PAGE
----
The front door was unlocked, as usual, and opened into an entry way. A set of stairs to her right led up to Jason’s apartment, and a hallway to her left ended at a door. She could have used a portal to get into the apartment, but if he was there, she didn’t want to startle him.

She just started to climb the stairs when she heard a door open.

“Hello?”

Julia looked down the hall to see Esther, the landlady, emerge from her own apartment. She looked exactly the same as she did when Julia would meet her in the future.

Julia came down off the stairs and waved at her. “Hi. I’m just here to visit your tenant on the second floor. Jason.”

“He’s in, but are you sure you want to see him?”

Julia had to hide her relief that her memory was right. “Why wouldn’t I want to see him?”

“Well, Julia, you are a few years early, aren’t you?”

That sent a shiver through her. When she had first met Esther, the landlady didn’t know her name. But now, fifteen years earlier, she did?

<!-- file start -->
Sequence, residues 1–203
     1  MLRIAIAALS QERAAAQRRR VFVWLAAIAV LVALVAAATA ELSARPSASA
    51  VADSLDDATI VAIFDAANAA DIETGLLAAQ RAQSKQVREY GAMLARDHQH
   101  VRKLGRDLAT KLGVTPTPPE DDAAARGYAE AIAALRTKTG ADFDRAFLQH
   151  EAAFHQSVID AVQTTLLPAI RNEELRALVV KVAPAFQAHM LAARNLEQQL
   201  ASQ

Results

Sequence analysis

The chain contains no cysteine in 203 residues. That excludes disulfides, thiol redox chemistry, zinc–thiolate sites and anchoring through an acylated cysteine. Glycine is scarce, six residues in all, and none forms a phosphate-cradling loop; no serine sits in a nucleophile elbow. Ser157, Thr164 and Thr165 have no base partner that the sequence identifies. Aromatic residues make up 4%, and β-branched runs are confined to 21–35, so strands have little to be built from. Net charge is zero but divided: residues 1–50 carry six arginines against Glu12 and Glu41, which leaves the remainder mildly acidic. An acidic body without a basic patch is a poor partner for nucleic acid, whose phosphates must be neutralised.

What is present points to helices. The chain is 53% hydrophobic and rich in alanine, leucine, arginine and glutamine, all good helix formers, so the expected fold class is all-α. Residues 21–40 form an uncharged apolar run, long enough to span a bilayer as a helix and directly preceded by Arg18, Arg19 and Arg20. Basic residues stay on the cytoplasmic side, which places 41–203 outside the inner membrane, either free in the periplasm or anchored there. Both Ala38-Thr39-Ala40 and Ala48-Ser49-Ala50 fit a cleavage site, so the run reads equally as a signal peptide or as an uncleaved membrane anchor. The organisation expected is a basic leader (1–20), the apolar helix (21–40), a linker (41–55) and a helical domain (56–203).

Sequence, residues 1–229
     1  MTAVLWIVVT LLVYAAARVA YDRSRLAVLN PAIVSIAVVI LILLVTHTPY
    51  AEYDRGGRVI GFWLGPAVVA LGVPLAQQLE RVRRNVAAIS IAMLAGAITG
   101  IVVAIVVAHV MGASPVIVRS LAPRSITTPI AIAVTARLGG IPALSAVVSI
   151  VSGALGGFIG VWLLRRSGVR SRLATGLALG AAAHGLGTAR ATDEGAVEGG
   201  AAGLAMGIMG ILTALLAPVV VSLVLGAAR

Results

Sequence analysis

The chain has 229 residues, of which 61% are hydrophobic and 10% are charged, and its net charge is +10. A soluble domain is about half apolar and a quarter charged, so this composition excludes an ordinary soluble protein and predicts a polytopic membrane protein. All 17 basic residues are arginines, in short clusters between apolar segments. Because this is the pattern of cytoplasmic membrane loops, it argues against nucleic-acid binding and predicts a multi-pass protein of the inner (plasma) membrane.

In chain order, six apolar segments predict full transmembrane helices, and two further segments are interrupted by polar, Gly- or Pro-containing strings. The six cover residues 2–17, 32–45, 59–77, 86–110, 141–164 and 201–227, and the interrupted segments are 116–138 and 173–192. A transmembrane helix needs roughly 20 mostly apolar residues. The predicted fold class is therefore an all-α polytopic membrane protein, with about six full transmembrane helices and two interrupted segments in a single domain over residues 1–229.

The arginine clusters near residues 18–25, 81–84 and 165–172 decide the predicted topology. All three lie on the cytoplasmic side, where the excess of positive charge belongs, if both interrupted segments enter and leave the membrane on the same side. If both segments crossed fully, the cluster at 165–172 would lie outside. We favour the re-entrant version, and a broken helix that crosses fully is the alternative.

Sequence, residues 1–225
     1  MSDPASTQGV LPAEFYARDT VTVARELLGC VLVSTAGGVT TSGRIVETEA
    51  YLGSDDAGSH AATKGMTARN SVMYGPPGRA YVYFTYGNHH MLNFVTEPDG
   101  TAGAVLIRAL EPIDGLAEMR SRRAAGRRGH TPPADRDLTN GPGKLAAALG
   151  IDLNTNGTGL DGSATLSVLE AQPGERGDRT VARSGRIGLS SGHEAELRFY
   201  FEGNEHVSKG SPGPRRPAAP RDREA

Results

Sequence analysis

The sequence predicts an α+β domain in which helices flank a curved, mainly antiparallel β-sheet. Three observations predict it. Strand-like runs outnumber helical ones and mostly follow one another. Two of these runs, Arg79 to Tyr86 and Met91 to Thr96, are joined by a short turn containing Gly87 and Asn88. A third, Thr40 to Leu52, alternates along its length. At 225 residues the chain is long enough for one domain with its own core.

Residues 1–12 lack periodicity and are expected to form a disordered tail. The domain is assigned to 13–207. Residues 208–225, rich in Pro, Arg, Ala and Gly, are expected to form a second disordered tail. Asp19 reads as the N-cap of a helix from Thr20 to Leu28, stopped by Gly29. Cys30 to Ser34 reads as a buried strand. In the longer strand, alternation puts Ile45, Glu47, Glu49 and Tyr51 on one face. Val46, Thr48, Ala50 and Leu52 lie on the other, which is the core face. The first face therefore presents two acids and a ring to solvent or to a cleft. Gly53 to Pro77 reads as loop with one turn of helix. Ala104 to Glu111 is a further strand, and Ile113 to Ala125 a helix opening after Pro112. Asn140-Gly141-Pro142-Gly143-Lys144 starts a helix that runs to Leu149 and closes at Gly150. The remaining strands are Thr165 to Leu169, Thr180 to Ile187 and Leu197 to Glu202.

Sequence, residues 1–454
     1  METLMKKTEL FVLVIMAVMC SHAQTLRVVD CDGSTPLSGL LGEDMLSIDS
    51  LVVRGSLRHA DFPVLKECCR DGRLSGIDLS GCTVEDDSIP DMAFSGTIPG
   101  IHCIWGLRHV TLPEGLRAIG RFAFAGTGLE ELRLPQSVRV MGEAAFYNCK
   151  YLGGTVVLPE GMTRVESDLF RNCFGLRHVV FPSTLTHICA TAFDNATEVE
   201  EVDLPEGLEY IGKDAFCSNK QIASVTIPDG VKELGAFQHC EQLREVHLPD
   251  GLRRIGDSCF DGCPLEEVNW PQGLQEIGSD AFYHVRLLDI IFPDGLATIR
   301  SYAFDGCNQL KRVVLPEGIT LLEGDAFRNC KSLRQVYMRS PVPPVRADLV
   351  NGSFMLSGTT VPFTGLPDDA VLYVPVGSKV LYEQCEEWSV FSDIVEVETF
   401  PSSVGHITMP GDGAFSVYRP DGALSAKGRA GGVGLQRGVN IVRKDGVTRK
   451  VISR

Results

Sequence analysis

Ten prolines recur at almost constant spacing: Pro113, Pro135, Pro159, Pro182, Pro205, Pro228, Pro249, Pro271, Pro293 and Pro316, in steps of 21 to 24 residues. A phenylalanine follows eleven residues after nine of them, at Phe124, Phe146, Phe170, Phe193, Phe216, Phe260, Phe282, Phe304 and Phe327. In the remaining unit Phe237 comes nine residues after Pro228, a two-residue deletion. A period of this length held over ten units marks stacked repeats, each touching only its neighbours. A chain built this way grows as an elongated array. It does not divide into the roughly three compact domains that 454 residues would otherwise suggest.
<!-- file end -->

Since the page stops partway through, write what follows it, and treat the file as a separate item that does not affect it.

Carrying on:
“How . . . how do you know my name?”

“You told me. Don’t you remember?”

“I do, but how do you?”

“I could explain it to you over a cup of tea, but then you’d miss your chance to speak with Jason. It’s up to you, dear.”

“I really need to see him, but I do want to hear your explanation some time. Rain check?”

“Of course. Do be careful. This is a perilous journey you’ve undertaken. Good luck.” Esther disappeared back into her apartment. For just a moment, Julia hesitated, tempted to go after the other woman, her vaguely ominous warning playing over and over in Julia’s mind. But Jason was just up the flight of stairs, and she didn’t want to wait any longer.

Almost immediately after she knocked, the door opened. Jason, looking the same as he always did, stood on the other side. “Hello?”